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Washington Outlook Archive

Soft Stretch

Heat- and chemical-resistant DOW XLA™ elastic polyolefin fiber expands stretch woven fabric possibilities for apparel applications.

Janet Bealer Rodie, Assistant Editor

T he array of stretch fibers has expanded to include a new product from Dow Fiber Solutions (DFS), Midland, Mich., a new business within The Dow Chemical Co.’s Polyolefins and Elastomers portfolio. DFS has introduced DOW XLA™, a cross-linked elastic polyolefin fiber preliminarily designated by the Federal Trade Commission as “lastol,” a new subclass of olefin fiber. Branded as The Freedom Fiber™, XLA provides low-elongation stretch to woven fabrics.
 
DFS has engaged several development partners worldwide to produce the fiber and create new products. In the United States, spinner R.L. Stowe Mills Inc., Belmont, N.C., is adding it to cotton and cotton/polyester corespun yarns.

Dan River Inc., Danville, Va., has woven a cotton chambray shirting fabric and is developing other stretch fabrics using XLA.

qfom_2630
Shirting fabrics are one targeted end-use for DOW XLA™.
Pictured above is a XLA stretch fabric from French weaver Emanuel Lang.


DFS developed XLA using Dow’s polyolefin INSITE™ technology, by which resins can be designed at the molecular level to offer superior mechanical performance for specific applications. The combination of catalyst and process capabilities enables development of new polymers for these applications. For XLA, performance requirements included heat and chemical resistance in an elastic fiber. These properties make it practical for use with cotton and polyester, which often are processed under extreme conditions.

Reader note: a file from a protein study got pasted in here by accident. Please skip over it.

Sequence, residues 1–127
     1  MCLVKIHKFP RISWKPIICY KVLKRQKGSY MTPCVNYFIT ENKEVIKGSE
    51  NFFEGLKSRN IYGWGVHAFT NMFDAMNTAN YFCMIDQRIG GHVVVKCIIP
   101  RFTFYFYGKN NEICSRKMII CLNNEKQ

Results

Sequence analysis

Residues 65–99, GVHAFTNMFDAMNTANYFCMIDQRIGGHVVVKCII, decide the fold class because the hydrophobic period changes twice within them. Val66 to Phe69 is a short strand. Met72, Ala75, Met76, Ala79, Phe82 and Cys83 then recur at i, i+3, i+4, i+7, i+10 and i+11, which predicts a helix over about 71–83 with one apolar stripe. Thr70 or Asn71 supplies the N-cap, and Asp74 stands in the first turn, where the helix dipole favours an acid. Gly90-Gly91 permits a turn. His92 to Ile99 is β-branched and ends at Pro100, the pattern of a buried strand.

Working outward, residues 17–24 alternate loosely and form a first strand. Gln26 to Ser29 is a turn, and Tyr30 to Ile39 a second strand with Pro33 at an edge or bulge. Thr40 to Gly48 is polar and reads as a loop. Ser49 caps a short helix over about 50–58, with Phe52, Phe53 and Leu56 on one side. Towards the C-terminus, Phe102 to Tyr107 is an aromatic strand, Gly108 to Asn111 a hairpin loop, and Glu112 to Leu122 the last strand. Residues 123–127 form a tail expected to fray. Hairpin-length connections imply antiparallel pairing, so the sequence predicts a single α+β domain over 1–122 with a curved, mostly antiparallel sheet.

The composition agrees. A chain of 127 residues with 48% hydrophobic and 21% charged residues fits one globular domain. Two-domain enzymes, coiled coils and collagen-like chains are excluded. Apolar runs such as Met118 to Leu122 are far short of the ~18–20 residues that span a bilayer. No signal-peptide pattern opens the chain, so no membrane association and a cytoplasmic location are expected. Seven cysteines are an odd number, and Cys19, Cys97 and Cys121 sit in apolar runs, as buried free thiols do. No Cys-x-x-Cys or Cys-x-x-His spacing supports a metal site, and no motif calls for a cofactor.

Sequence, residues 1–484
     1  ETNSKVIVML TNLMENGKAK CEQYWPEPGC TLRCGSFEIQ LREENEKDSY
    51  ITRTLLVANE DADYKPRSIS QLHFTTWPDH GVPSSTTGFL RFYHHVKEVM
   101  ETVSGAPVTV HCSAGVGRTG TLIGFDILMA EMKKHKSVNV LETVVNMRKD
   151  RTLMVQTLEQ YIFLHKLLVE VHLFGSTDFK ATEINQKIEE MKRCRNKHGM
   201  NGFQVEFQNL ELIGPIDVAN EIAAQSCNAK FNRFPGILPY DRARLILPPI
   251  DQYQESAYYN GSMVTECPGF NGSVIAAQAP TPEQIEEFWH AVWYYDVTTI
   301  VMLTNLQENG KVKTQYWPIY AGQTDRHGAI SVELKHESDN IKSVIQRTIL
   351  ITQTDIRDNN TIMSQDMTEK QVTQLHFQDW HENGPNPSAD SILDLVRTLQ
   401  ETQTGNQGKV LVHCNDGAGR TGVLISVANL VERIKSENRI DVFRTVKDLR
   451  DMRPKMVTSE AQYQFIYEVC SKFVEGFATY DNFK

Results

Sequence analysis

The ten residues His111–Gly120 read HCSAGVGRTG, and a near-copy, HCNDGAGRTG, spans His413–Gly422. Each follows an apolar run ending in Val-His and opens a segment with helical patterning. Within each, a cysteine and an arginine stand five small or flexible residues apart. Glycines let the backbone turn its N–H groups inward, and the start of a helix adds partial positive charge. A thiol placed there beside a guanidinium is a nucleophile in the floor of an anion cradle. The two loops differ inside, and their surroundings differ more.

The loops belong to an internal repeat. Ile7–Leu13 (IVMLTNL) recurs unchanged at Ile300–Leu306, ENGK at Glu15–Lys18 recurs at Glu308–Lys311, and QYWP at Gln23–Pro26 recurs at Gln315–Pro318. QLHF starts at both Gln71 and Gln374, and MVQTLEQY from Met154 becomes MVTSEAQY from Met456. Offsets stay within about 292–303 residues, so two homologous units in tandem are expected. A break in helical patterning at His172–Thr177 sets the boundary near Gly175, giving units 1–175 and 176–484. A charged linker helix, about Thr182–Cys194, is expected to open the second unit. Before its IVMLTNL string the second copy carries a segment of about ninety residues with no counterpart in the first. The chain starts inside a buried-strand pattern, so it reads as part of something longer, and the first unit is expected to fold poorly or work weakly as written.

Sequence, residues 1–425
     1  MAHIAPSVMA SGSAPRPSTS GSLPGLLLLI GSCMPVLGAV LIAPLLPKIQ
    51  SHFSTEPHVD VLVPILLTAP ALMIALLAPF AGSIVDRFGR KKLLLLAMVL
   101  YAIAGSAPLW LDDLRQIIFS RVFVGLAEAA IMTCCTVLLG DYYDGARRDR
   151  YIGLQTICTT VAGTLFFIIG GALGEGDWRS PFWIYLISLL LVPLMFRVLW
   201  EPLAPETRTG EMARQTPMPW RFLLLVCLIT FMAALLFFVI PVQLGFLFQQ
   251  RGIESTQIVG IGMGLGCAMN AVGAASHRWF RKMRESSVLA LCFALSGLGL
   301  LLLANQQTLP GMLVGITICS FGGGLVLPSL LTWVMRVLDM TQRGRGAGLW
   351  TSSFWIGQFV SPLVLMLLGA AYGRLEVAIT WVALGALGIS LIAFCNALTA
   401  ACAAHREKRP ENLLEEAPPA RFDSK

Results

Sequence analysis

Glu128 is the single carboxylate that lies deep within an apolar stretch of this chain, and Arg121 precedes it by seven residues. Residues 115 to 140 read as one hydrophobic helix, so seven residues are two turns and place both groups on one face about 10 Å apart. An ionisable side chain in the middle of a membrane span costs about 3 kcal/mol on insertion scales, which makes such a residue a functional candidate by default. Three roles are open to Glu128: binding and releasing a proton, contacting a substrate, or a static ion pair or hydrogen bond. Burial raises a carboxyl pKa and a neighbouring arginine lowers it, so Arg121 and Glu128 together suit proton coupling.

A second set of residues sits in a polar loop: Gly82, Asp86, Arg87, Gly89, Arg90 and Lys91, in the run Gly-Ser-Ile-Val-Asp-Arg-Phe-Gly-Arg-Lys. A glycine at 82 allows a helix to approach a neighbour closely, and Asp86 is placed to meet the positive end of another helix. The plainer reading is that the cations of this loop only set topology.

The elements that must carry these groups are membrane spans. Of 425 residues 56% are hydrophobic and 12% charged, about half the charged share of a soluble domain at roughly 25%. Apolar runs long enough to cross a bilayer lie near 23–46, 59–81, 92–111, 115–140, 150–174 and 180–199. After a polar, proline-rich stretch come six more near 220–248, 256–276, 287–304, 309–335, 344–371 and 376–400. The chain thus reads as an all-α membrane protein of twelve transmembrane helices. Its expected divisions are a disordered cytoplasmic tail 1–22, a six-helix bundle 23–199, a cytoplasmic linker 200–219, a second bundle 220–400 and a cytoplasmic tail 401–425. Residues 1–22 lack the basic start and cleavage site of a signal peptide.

“XLA is basically inert to chlorine and caustic,” said Mike Slocumb, vice president of marketing, R.L. Stowe. “This is particularly significant in processing denim. If a denim manufacturer wants to distress the fabric, the process won’t degrade the XLA fiber.”

Slocumb said the fiber’s heat tolerance to greater than 220°C makes it suitable for piece-dyed bottomweight fabrics, such as khaki or poplin, that are thermosol-dyed.

XLA offers comfort stretch rather than power stretch. Slocumb doesn’t see it replacing spandex, but rather opening up new stretch woven applications, such as workwear. “It provides just enough give for comfort, and it withstands industrial laundering conditions,” he said.

Linwood Wright, vice president of quality and development, Dan River, concurs. “We’ve got the potential to do some things with stretch that we’ve not been able to do with spandex — for different uses of fabric, different styling techniques,” he said. ”For example, I think we’ll be able to yarn-dye XLA. And with chambray, we can give it a heavy bleach and get the whole plethora of indigo looks, while maintaining the stretch and recovery. Also, there’s very little, if any, elasticity if it’s properly conditioned prior to weaving, so it’s easy to handle at the loom.”

Dan River is actively pursuing adding stretch to its “identity” yarn-dyed oxford cloth, chambray and lightweight denim shirting for uniforms. “We are also looking to put it into polyester-rich fabrics for uniforms,” said Wright. He anticipates seeing men’s and women’s apparel containing XLA in retail stores by Fall 2003.


For more information about DOW XLA™, contact Dow Fiber Solutions (800) 441-4369; www.dowxla.com.


December 2002



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